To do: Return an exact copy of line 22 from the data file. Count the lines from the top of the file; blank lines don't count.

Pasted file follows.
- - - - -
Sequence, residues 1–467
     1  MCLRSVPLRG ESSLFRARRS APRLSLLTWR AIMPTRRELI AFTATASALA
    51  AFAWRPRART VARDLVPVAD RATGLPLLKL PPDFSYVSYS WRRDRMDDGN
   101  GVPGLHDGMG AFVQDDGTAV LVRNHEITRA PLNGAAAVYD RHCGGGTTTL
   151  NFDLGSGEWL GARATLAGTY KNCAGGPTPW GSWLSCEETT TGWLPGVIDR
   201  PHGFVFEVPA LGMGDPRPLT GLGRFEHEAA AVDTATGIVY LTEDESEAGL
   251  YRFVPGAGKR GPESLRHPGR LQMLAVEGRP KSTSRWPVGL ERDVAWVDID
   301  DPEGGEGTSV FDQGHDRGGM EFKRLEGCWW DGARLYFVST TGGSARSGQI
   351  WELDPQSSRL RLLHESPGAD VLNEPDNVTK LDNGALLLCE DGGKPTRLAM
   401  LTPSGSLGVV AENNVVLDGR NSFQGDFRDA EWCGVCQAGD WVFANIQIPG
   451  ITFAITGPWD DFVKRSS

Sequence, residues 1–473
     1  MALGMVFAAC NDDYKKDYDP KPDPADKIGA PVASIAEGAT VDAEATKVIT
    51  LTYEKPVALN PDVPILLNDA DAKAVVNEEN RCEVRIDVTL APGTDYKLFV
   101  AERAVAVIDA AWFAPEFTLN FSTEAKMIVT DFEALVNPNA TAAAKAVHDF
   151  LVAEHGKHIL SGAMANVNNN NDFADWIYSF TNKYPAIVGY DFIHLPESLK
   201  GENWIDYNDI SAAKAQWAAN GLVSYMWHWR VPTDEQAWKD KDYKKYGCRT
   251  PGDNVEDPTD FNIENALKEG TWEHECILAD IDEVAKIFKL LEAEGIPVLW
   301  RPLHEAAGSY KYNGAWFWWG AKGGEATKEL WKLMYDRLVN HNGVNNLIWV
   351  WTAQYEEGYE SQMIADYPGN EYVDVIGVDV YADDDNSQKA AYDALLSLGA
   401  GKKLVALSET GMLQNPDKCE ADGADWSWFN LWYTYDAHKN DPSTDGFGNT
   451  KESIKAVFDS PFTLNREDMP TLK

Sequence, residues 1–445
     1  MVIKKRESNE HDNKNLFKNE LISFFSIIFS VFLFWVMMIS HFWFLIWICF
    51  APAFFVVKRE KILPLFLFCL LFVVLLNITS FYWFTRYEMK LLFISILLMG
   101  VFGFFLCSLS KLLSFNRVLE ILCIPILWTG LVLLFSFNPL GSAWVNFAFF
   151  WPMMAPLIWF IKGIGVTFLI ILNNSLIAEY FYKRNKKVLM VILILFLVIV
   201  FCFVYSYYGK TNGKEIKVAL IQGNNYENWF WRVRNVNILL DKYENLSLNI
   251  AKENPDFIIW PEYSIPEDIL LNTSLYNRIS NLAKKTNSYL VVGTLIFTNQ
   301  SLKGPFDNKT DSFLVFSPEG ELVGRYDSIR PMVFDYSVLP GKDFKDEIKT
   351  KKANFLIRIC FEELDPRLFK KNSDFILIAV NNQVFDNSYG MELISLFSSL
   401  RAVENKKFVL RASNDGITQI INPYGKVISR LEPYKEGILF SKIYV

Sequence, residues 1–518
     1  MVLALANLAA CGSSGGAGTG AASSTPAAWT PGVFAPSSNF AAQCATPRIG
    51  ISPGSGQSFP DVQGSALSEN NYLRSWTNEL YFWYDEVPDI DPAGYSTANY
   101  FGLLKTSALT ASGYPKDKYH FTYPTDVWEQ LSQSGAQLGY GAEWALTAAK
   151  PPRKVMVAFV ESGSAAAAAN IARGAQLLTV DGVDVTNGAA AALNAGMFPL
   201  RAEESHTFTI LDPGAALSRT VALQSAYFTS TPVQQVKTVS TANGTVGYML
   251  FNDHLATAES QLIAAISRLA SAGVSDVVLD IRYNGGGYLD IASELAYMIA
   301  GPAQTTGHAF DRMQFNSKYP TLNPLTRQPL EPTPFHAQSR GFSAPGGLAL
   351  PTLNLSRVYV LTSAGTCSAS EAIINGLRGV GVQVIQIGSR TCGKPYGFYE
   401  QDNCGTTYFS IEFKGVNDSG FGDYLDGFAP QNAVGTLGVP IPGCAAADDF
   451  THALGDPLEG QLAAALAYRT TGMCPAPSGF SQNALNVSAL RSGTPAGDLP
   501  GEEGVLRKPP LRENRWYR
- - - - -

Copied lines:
   451  KESIKAVFDS PFTLNREDMP TLK